If the novel COVID-19 pandemic is brought under control soon, the disease’s impact on the insurance industry as a whole may be pretty much a wash.
It not, the industry may be on the verge of an historic catastrophe.
A report by Willis Towers Watson projects that personal and commercial auto insurers in the United States and United Kingdom will see a $51 billion reduction in claims costs this year, while returning an estimated $16 billion to consumers through refunds. Refunds estimated so far are estimated at $10 billion and insurers will likely kick more back to customers if stay-at-home orders continue, the analysis says.
On the other hand, COVID-19 may add $16.7 billion to U.S. workers’ compensation losses and increase losses in the U.S. and U.K. by $11 billion for business-interruption and event-cancellations, $4 billion for credit and sureties, $1.5 billion for employment practices liability and $1.5 billion for directors and officers insurance, the report says.
Calculating the net decrease in losses for auto ($35 billion) and comparing that to the sum of the increased losses in the other lines ($34.7 billion) results in the two numbers pretty much cancelling each other out.
Those projections follow Willis’ “moderate scenario,” which assumes that four months of strict and two months of light social distancing will be effective at controlling the spread of the novel coronavirus fairly quickly. The moderate projection also assumes economic growth will resume before this fall and consumer confidence will return by winter.
There are reasons to be skeptical as to whether strict social distancing will last that long. As of Friday, more than half of the U.S. states had allowed some businesses to reopen. In Georgia, consumers can even go get a tattoo or a haircut.
If a “severe” scenario projected by Willis plays out, the insurance industry could be in dire straits. While social distancing will reduce U.S. and U.K. auto claims by $77 billion, the pandemic could increase costs for other lines — primarily workers’ compensation and general liability — by $140 billion. That is more than a third of the entire $365 million in premiums reported by U.S. property and casualty insurers in 2018.
The severe scenario assumes that social distancing lasts for 12 months and a global economic contraction continues until early next year.
For true doomsday believers, Willis offered a “limited success” scenario that assumes governments lift social distancing rules after three months because of the catastrophic economic cost and the virus spreads until finally controlled by “herd immunity.” If that plays out, Willis projects $92 billion increase in workers’ compensation losses, a $27 billion increase for general liability and $22.7 billion more in event cancellation losses, as well as increases in losses to other lines.
Willis also offers an “optimistic” scenario for those who see the glass as half full. That assumes government mitigation measures are highly effective and are able to control COVID-19 within three months, while consumer demand for get-away time returns within four months. In that case, auto claims drop by only $28 billion, offset by an additional $1.1 billion in business interruption and event cancellation claims and $600 million more for directors and officers claims. A $3.3 billion increase in workers’ compensation claims from the health care sector is largely wiped out by a $3.1 billion decrease in claims from workers outside of health care in the optimistic scenario.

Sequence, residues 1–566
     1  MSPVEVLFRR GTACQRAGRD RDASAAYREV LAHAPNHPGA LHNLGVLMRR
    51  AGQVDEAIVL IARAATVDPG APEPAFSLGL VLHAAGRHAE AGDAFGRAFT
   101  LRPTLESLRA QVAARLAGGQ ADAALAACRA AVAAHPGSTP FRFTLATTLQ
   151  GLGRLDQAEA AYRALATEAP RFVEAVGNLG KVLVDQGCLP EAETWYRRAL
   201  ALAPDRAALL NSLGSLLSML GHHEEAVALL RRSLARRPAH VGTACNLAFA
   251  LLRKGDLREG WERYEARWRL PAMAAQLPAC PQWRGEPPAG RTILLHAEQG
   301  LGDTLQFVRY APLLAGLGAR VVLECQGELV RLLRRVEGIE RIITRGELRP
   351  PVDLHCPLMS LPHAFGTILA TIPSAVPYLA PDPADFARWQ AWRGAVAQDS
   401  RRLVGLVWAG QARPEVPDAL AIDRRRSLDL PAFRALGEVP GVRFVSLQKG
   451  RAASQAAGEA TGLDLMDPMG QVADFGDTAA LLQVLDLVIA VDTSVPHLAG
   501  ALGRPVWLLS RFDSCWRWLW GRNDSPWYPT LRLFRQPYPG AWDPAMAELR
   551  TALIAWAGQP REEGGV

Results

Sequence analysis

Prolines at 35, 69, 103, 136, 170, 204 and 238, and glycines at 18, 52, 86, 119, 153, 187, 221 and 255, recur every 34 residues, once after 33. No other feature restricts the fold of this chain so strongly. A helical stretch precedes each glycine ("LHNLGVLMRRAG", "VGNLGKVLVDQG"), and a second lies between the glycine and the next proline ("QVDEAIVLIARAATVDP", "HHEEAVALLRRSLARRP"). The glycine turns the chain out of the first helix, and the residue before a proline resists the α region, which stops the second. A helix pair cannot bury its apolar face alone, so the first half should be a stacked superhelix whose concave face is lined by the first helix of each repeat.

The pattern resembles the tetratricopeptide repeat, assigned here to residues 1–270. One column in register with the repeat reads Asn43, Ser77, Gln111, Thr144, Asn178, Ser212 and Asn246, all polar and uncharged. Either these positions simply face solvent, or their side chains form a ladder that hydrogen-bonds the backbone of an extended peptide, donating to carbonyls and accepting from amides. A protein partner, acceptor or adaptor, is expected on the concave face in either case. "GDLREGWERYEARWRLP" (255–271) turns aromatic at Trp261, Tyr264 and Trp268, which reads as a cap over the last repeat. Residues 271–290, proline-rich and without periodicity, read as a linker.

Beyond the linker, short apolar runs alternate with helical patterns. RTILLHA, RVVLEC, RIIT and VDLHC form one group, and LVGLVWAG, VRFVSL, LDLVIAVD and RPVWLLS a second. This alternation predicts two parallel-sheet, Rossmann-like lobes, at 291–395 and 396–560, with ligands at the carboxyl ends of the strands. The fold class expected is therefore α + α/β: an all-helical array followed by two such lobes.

“We have not associated probabilities with these scenarios, but we we regard all of them as possible and at his point should not be considered extreme tail scenarios (although some of them may have been before the COVID-10 outbreak),” the report says.
Workers’ Comp Losses
Workers’ compensation line will suffer the greatest losses from the pandemic compared to other lines in each of the scenarios. Ultimate losses will vary greatly depending on how many workers are infected, and what share of those who’re infected must be hospitalized or eventually die.
Willis estimated that each COVID-19 claim will bring $35,000 in medical treatment costs and $3,000 in temporary disability. Some of those will be death claims that cost an average of $1 million for physicians and $750,000 for other health care workers, the study says.
In its moderate scenario, Willis assumed that 20% of hospital-employed physicians and nurses will be infected and 12.5% of other healthcare workers will be infected. That amounts to 1.1 million infected workers, with. 9.5% of them requiring hospitalization and 9,300 of them dying from the disease.
In the worst-case, “limited success” scenario, Willis projects a 75% infection rate for all health care workers, resulting in 7.9 million cases and 129,000 deaths.
The broad range of scenarios that Willis included in the report mirrors an analysis released earlier this month by the National Council on Compensation Insurance. That report projected losses ranging from $2 billion to $81 billion, depending on infection rates and the number of claims that are deemed to be compensable.
In conclusion, Willis said the cumulative impact of the pandemic could “substantially exceed” losses from the Sept. 11, 2011 terrorist attack on the World Trade Center. Along with those losses, the industry faces a serious risk that its reputation will suffer, the report says.
“A good portion of these losses will probably be considered to have been unintended, arising from broad wordings in smaller commercial policies,” the report says. “It will also beg a question however as to the full extent this should be transferred into the industry, which after all exists to provide continuity for just this type of event.”
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